Review: Sweet Harmony at Saatchi Gallery

The Saatchi Gallery’s latest temporary exhibition is all about rave culture – we sent Neil Simpson to Sweet Harmony: Rave Today to check it out.

When I heard that the Saatchi Gallery was putting on an exhibition about rave culture, I made sure to take a former raver with me: our very own sub editor, Anna Frame. Rave culture was a big part of Anna’s London social life in the late ‘80s and early ‘90s, so I was keen to find out what she would make of Sweet Harmony.

Sweet Harmony is primarily a photography exhibition about the people who took part in the rave movement that emerged during the ‘80s and ‘90s. There are all sorts of shots to see, from large, professional images of dancers lost in the lasers, to small amateur photographs that have been taken from a personal diary. For Anna, these pictures were an evocative trip down memory lane and for me, a fun and intriguing look at the thrill of underground culture.

The exhibition is described as ‘immersive’, but there are only a few parts where this is the case: it begins with a neon-glowing petrol station installation (above), followed by a very dark passage with a dim light at the end – ‘it’s like finding a rave!’ exclaimed Anna. Through a ripped-open chicken-wire fence, you walk up to and through a curtain made of hanging strips of rubber, which has a massive smiley face painted on it (see our Instagram post at the bottom). This is where the immersive part ends and a traditional exhibition begins.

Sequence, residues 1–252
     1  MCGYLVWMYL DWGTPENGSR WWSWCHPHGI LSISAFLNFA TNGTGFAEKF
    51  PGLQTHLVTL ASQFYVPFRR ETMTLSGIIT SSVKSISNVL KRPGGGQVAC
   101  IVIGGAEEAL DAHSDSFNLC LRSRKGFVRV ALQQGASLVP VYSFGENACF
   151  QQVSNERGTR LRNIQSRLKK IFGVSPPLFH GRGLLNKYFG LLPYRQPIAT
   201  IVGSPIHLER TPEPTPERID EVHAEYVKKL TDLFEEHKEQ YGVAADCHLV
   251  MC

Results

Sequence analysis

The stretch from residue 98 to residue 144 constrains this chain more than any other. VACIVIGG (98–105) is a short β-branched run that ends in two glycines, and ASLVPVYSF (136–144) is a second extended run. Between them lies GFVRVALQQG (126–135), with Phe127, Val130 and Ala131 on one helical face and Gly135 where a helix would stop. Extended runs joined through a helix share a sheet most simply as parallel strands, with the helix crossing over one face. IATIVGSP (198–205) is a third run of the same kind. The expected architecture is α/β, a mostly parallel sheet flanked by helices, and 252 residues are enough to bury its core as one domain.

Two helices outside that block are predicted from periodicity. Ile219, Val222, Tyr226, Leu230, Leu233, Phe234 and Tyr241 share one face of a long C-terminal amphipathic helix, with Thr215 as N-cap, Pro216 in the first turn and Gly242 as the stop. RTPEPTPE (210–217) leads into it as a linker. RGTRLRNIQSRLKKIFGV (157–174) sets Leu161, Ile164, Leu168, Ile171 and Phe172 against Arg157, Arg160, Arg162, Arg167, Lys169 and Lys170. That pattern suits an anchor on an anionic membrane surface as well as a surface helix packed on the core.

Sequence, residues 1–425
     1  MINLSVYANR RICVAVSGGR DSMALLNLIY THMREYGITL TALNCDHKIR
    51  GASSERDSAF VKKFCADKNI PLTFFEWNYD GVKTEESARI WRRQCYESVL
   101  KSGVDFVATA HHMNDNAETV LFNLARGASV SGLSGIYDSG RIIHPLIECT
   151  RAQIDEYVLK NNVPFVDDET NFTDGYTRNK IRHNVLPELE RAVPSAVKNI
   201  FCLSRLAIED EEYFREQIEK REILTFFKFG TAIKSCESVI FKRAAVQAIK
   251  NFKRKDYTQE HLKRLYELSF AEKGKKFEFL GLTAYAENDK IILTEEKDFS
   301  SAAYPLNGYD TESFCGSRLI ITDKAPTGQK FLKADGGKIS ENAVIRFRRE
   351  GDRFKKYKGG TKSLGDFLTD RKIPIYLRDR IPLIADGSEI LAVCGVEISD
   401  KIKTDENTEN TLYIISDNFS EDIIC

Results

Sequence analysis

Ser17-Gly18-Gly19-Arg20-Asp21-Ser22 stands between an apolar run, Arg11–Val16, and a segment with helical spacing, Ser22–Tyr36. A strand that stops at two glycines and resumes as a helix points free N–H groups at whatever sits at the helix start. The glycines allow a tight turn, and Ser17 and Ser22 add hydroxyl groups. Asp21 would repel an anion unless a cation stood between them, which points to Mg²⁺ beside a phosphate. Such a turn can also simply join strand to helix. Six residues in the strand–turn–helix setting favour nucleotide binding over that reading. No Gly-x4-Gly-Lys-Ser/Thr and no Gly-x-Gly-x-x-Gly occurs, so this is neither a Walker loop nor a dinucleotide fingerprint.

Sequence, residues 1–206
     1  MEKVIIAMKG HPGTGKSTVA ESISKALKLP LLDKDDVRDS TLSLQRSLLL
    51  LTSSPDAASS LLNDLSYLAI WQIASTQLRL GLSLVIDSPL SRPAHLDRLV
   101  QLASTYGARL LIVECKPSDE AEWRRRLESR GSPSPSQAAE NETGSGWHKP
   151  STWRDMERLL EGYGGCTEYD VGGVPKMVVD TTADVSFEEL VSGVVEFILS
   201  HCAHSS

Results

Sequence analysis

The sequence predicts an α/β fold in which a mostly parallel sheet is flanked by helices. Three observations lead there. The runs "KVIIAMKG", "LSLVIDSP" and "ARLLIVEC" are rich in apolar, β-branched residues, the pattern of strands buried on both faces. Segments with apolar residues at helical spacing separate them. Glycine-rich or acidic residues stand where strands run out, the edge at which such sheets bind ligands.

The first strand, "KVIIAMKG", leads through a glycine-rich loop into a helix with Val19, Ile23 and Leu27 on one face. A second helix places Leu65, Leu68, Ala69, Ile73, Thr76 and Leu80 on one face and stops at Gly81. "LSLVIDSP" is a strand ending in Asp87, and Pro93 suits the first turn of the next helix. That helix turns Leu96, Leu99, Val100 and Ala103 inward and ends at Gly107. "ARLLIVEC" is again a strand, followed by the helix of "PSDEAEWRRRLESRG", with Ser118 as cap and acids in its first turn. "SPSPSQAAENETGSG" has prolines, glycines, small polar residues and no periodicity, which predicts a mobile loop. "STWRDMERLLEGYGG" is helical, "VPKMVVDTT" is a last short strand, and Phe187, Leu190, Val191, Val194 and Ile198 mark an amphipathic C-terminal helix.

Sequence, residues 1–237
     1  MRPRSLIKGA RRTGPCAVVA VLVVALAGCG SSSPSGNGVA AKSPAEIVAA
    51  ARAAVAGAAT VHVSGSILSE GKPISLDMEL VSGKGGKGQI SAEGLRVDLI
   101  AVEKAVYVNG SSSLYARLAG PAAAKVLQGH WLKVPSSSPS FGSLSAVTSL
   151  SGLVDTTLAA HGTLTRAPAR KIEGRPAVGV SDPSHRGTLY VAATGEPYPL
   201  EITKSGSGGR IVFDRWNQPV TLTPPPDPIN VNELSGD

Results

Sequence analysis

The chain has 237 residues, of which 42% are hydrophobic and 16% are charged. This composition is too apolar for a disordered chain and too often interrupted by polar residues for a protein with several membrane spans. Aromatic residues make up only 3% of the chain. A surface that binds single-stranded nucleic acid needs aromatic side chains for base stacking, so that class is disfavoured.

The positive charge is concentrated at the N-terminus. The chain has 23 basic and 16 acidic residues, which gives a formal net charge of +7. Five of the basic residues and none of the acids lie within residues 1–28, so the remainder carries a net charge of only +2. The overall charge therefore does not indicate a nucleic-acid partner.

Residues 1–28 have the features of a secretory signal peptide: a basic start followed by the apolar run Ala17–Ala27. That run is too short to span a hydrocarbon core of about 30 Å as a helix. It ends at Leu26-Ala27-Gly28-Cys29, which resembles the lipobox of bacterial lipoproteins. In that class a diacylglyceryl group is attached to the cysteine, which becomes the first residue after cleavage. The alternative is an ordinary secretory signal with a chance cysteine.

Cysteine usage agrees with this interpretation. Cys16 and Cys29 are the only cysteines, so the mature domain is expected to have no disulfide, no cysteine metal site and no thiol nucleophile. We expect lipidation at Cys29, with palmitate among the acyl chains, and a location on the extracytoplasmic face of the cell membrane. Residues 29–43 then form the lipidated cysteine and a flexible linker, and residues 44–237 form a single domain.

As well as photographs, there’s a wall covered in lovingly preserved rave flyers, a room with a mini record shop and DJ booth in the middle, a booming ‘Rave Room’ (above), several video installations to watch and lots of other artefacts – there’s a lot to see and you could spend several hours inside.

While the Saatchi Gallery is making an effort to organise a schedule of late-night events with guest DJs (the final Sweet Harmony Saatchi Late is 6 Sep, 6.30pm-9pm), don’t expect this exhibition to be a mini-rave – it’s an art gallery in one of London’s most expensive neighbourhoods, after all.

What Sweet Harmony does brilliantly, however, is suggest that at the heart of rave culture is a desire to live in a system built on love, rather than money and possessions. It’s easy to dismiss ravers and nomadic party people as drugged-up maniacs, but this show argues that such desires are more important today than ever. For that, I enjoyed Sweet Harmony just as much as Anna did.

Sweet Harmony: Rave | Today is open until 14 Sep 2019
Tickets £11.20 | Daily 10am-6pm
Saatchi Gallery, Duke of York’s HQ, King’s Rd, SW3 4RY
020-7811 3070 | www.saatchigallery.com
Times and prices correct at time of publishing

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